A recent STEM CELLS study from the laboratories of Pratibha Singh and Louis M. Pelus (Indiana University School of Medicine, Indianapolis, IN, USA) recently identified how the bone marrow niche intrinsic CXCR4‐SDF‐1 axis supports hematopoietic stem and progenitor cell (HSPC) maintenance and retention under steady‐state conditions and also promotes early hematopoietic recovery after myeloablation. The team´s findings suggest that targeted modulation of CXCR4 signaling in the bone marrow niche may alleviate irradiation/chemotherapy‐induced bone marrow stromal damage and enhance blood cell production in patients undergoing stem cell transplantation for several hematological complications including leukemia, lymphoma, and aplastic anemia, as well as metabolic disorders such as diabetes.
Mesenchymal stem cells (MSCs) represent a popular platform for regenerative medicine due to their ability to home to damaged organs and secrete molecules that promote cell growth and suppress inflammation; however, there remains a need to optimize their therapeutic effect for clinical translation. A team of researchers led by Avnesh S. Thakor (Stanford University, Palo Alto, CA, USA) now reviews current knowledge regarding how ultrasound can enhance the ability of MSCs to secrete regenerative molecules or make target organs a more attractive destination for infused MSCs. See STEM CELLS Translational Medicine for the biological effects and preclinical applications of ultrasound to MSC‐based therapies.
Due to the increasing awareness in the cell therapy community of a need to better understand the biology of transplanted cells in the myocardium, researchers led by Martin Rodriguez‐Porcel (Mayo Clinic, Rochester, Minnesota, USA) previously reported the use of reporter gene labeling of stem cells to track cell viability kinetics. Peterson et al. extend these studies and report the development and validation of a pathway‐specific reporter gene to study the changing phenotype of mesenchymal stem cells (MSCs) after transplantation into the ischemic myocardium. In their new STEM CELLS reports, the team also proposes an algorithm for the development of these monitoring strategies for the entire scientific community to adopt.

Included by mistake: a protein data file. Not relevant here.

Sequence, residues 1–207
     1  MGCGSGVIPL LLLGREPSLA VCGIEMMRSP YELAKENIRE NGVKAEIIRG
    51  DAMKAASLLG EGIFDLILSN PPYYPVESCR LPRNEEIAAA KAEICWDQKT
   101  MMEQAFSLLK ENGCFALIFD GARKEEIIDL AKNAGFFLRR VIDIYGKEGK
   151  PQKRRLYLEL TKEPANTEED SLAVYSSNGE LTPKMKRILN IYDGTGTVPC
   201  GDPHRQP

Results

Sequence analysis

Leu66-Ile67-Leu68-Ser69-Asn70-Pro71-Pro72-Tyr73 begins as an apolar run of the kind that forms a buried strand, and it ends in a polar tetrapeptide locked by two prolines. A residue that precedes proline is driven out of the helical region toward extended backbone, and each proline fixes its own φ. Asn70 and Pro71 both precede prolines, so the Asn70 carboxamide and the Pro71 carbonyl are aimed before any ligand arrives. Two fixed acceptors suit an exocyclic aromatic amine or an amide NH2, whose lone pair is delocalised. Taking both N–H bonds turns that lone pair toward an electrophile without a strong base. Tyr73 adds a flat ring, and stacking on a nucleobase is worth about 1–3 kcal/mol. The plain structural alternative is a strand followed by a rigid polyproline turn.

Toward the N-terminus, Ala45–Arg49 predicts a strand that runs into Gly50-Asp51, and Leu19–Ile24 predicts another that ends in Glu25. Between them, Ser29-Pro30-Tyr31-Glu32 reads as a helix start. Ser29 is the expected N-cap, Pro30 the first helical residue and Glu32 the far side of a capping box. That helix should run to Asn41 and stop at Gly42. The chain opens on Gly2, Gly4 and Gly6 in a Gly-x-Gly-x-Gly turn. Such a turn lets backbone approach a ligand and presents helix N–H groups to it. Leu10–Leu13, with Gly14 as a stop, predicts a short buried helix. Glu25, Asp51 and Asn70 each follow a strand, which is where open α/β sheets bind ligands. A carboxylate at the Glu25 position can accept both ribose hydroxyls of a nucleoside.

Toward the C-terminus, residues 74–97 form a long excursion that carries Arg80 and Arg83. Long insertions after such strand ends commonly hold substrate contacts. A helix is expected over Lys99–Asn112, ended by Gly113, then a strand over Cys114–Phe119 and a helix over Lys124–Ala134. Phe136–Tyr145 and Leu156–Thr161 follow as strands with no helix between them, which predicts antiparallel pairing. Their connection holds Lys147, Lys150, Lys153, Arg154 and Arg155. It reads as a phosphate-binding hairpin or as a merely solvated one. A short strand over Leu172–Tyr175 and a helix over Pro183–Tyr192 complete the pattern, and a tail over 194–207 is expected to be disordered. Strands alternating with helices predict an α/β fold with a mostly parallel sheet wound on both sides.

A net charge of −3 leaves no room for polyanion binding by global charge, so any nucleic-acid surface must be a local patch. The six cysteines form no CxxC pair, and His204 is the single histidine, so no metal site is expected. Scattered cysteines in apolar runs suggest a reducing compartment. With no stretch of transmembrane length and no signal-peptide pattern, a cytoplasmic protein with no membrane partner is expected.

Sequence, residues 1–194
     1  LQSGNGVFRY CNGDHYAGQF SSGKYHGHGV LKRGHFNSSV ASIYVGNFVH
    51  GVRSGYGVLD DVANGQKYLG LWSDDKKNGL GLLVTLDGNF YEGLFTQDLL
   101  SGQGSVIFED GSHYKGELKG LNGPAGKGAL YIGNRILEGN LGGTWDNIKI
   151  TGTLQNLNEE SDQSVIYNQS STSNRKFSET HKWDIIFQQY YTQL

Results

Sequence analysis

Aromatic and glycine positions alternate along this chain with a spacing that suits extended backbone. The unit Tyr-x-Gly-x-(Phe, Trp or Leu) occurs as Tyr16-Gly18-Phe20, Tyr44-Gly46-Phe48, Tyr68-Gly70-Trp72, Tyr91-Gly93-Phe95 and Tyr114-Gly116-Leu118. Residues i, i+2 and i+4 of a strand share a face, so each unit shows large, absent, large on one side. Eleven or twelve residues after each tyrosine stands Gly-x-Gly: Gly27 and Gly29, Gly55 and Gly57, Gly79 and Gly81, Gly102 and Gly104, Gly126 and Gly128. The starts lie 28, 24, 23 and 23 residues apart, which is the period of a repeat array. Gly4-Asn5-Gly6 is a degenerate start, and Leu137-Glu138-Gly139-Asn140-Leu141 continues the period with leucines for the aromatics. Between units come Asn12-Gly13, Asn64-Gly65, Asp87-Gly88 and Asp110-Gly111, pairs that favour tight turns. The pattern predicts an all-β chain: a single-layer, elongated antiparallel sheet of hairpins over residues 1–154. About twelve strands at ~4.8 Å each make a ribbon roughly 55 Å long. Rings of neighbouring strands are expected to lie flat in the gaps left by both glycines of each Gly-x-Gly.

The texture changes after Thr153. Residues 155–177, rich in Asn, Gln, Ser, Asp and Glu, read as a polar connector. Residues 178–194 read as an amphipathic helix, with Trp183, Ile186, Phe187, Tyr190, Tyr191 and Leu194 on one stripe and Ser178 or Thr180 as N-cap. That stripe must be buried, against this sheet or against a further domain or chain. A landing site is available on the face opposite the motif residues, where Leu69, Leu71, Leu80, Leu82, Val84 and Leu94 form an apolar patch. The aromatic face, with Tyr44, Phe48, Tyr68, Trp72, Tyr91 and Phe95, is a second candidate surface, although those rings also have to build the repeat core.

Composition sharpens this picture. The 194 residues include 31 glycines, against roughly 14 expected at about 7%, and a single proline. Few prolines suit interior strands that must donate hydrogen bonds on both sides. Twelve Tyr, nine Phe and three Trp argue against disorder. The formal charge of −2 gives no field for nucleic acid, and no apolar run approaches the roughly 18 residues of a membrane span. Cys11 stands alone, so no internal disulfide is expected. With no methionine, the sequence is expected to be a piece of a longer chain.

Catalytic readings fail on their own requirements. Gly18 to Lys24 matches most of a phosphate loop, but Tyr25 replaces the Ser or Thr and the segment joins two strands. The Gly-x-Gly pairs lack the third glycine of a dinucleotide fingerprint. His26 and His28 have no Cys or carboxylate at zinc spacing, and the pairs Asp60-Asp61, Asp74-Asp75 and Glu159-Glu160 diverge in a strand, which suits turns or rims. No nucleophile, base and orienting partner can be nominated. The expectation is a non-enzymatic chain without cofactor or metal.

Making high‐quality dopamine‐producing cells for basic studies or small molecule screening remains critical to the development of novel therapeutics for ventral midbrain disorders. However, many ventral midbrain assays suffer from low signal to noise ratio thanks to low levels of dopamine and tyrosine hydroxylase, the rate‐limiting enzyme for dopamine synthesis. In their new STEM CELLS Translational Medicine study, researchers led by Carl Ernst (McGill University, Montreal, Quebec, Canada) now demonstrate that an L‐type calcium agonist can significantly increase tyrosine hydroxylase protein levels as well as dopamine content and release from ventral midbrain cells derived from human skin. Jefri et al. hope that this advance will improve the accuracy of disease modeling and small molecule screening for disorders of the ventral midbrain, including Parkinson's disease.